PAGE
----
The conclusion to Naoki Yoshida's MMO story is like something out of a fairy tale. Yoshida, producer and director of Final Fantasy XIV: A Realm Reborn, previously wrote about his initial sour experience with the massively multiplayer online gaming world. This week, in his semi-weekly column in Weekly Famitsu, he revealed the rest of the story and it is amazingly heartwarming.
To recap: After Ultima Online started service in Japan, Yoshida started playing and became a guild master. Set on purchasing a guild house, he toiled for two weeks to gather 4000 ingots — worth roughly 64,000 gold — to sell for the necessary money. Upon entering town, he was almost immediately scammed by a player who utilized a sleight of hand trick to trick him into selling all the ingots for a mere 6 gold.
Initially after the swindle, Yoshida was filled with both frustration at the incident and shame that he had worked so hard to prove himself as a guild leader only to be left with nothing to show the guild members but six gold pieces.
Taking his mixed emotions to the internet, Yoshida wrote on a Japanese Ultima Online message board about his experience both with anger at his loss, but also with amazement at the new and unfamiliar game world of Ultima Online where truly anything was possible. The following day, among the numerous replies, one comment caught his eye.
"The responder was the guild master of a major Japanese guild," recalled Yoshida, "and he wrote to me saying, 'It's only for a few months, but I'm currently using the money donated from retired players as a benefit to assist people who have been PK'd or scammed in UO. Perhaps we could meet some time.'"
With nothing to lose, Yoshida met online with the other player who offered to give him the money he had lost. Yoshida was obviously taken aback by the stranger's kindness, but the player said to him, "The world of Britannia is a harsh place, but there are also plenty of generous people. I'm sure you're going to continue to work hard for the members of your guild, so I'd like to help out." Along with the gold, the player also gave Yoshida an extremely expensive full set of plate mail that Yoshida treasured for the rest of his Ultima Online days. Yoshida continued to communicate with the generous guild master until Yoshida eventually retired from the game.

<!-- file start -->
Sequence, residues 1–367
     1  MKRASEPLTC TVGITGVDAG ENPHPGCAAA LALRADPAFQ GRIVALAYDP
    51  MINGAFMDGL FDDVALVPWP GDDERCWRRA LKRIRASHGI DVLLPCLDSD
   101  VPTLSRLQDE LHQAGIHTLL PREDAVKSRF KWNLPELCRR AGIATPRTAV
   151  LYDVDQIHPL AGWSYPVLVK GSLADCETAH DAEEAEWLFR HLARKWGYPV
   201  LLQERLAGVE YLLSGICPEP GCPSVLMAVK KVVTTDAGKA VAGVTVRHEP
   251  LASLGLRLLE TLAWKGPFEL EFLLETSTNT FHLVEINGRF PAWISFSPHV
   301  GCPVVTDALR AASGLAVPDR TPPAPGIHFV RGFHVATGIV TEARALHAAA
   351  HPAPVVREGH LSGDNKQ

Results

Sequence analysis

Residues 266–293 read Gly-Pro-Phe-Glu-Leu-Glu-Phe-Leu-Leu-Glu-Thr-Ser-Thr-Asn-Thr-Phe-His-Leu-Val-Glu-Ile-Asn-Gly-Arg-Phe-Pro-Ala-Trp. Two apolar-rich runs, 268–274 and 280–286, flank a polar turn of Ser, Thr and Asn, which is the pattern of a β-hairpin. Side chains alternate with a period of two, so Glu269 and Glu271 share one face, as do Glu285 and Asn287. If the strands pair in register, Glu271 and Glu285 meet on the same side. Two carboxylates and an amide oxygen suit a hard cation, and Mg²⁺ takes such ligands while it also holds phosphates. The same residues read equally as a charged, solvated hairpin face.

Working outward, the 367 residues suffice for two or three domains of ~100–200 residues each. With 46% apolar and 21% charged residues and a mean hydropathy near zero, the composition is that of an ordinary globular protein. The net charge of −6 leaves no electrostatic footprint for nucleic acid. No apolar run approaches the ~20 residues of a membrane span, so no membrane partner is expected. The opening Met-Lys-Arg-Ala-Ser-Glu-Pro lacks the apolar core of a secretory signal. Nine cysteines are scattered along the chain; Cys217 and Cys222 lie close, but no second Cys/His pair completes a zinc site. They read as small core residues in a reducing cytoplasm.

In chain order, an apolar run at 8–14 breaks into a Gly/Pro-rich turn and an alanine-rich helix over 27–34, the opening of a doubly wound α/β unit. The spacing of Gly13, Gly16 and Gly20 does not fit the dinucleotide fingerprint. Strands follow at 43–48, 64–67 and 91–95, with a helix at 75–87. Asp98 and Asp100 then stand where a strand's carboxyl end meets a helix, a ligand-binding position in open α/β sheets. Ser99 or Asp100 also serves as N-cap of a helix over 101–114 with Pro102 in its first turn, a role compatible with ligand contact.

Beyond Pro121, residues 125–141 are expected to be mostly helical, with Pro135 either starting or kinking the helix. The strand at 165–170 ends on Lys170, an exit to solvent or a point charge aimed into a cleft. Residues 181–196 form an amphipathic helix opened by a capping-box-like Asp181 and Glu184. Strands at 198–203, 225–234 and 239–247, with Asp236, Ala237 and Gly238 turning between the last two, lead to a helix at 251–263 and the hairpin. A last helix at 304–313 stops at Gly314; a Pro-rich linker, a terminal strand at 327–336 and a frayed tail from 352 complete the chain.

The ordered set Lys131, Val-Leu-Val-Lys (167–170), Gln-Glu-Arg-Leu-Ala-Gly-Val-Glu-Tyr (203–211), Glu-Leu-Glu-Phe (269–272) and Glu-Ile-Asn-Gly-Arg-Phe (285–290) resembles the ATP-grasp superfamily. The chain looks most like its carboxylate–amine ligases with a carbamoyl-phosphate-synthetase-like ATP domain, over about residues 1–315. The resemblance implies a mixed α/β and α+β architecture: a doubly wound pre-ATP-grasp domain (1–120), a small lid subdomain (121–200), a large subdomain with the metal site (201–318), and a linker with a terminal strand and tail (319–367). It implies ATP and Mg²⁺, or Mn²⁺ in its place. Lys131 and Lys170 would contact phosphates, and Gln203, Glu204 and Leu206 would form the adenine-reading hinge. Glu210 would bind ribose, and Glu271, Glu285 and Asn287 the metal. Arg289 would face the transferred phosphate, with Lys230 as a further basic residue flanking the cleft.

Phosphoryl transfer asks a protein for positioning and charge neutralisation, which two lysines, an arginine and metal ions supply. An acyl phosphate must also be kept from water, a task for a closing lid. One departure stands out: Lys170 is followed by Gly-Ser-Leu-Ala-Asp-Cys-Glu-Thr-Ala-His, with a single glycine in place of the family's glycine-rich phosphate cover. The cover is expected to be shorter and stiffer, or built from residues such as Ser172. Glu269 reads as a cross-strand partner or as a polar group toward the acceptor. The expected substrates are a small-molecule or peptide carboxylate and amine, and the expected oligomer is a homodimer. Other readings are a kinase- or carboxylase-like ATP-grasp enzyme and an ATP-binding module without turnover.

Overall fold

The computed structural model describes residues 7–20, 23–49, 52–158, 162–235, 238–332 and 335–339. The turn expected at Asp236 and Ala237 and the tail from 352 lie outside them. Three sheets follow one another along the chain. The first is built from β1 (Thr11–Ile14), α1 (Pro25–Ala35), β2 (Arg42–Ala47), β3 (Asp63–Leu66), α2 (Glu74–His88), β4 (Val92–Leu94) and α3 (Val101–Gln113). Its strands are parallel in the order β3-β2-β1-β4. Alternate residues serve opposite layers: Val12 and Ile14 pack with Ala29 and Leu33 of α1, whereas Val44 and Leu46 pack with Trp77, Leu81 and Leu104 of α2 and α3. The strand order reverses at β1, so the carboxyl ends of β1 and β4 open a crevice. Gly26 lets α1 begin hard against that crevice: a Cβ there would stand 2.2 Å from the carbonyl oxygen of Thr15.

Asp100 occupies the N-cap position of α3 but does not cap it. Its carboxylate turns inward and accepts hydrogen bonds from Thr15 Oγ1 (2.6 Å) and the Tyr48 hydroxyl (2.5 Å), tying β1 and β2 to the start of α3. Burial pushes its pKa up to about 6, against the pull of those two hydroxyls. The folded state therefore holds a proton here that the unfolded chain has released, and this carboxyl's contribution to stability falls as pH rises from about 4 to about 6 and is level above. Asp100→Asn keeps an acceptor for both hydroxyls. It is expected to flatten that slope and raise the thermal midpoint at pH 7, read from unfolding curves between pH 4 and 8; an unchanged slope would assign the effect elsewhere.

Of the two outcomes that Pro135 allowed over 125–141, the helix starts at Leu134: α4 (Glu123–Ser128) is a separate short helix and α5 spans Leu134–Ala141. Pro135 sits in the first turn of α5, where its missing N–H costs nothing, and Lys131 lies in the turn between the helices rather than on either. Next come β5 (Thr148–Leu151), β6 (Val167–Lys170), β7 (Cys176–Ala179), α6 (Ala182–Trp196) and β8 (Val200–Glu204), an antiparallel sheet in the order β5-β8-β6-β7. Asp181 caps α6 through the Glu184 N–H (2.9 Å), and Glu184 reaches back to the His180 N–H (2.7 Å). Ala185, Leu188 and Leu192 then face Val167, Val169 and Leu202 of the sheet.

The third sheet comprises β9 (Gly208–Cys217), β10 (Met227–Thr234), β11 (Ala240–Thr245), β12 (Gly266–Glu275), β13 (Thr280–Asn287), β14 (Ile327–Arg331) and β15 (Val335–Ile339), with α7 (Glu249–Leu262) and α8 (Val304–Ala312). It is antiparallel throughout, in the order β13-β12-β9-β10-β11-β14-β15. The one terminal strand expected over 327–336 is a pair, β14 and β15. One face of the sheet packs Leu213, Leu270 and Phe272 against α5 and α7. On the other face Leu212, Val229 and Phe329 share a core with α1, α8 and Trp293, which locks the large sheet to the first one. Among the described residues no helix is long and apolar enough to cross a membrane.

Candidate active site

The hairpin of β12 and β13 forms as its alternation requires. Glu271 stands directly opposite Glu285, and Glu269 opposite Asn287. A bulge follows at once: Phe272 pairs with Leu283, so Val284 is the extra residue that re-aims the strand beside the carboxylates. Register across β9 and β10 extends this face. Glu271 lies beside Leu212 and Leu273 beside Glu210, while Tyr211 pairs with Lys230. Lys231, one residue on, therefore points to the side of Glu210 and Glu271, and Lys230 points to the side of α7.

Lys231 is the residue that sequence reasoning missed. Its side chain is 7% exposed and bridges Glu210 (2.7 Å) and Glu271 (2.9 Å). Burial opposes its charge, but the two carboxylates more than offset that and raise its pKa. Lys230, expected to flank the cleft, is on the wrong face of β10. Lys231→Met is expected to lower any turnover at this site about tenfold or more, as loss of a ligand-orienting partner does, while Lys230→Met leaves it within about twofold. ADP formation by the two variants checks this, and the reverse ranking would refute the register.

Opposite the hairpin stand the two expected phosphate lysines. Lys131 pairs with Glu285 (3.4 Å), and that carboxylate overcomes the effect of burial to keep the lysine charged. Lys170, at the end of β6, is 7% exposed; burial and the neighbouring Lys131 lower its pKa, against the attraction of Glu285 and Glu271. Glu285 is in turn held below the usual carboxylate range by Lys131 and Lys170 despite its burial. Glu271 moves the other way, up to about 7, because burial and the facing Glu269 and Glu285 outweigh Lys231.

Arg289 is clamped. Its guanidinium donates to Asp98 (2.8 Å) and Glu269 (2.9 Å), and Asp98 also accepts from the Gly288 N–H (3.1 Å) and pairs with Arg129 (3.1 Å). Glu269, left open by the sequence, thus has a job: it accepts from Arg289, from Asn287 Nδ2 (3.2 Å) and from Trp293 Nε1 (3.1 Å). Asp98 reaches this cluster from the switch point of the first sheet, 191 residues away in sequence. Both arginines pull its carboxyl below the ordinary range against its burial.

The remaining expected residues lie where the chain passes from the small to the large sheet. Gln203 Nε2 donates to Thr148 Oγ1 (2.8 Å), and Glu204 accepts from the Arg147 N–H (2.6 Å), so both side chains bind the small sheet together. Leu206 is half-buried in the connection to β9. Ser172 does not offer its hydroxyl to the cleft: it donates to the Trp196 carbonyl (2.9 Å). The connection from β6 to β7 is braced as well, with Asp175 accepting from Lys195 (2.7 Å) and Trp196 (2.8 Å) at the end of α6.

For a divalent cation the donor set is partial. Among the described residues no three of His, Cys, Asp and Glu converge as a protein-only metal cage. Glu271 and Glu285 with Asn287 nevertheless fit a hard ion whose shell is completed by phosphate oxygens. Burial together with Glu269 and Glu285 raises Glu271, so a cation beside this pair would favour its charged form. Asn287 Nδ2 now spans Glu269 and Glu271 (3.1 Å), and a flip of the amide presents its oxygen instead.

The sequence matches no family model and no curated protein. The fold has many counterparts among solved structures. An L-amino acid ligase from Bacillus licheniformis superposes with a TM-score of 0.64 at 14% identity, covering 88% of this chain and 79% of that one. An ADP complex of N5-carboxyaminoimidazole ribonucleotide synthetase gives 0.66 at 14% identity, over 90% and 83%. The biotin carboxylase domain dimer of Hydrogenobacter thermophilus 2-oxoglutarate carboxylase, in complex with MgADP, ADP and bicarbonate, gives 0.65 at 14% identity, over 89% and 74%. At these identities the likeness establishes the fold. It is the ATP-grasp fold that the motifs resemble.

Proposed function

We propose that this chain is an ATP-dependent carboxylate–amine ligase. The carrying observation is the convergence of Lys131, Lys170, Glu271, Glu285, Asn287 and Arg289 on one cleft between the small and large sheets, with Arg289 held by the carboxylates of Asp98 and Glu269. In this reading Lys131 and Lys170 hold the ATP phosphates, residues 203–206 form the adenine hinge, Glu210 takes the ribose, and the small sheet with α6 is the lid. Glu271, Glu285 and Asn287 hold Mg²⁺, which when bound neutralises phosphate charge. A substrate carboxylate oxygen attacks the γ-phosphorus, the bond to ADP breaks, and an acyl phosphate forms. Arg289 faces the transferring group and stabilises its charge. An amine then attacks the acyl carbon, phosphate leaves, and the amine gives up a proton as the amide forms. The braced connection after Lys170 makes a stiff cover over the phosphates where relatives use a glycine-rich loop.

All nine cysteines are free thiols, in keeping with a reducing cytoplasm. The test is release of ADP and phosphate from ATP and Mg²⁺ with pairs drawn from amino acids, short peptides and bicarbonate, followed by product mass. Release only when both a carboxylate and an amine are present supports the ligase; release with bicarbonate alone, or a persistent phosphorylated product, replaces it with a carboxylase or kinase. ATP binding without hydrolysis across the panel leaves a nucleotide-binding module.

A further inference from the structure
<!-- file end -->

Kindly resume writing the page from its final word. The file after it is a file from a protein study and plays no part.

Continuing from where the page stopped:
A heartwarming tale, indeed. But wait, there's more.
Nearly 18 years after his experience on Ultima Online, Yoshida hosted a livestream for Final Fantasy XIV: A Realm Reborn on Japan's Niconico Douga. It turns out that random stranger who helped him out in Ultima Online watched the stream and, upon seeing Yoshida's Ultima Online character name appear in the comments, contacted him. "He had been a devoted player of Final Fantasy XIV since its original release, and while he remembered the incident from back in Ultima Online, he hadn't realised that I was that character." Yoshida wrote. Apparently they will be going out for drinks in the real world.
"MMORPGs do have their scary parts, but they are also games where you can have experiences that last a lifetime." said Yoshida. "This experience has made me want to make Eorzea into such a world."
Pardon me, I need to go play FFXIV now...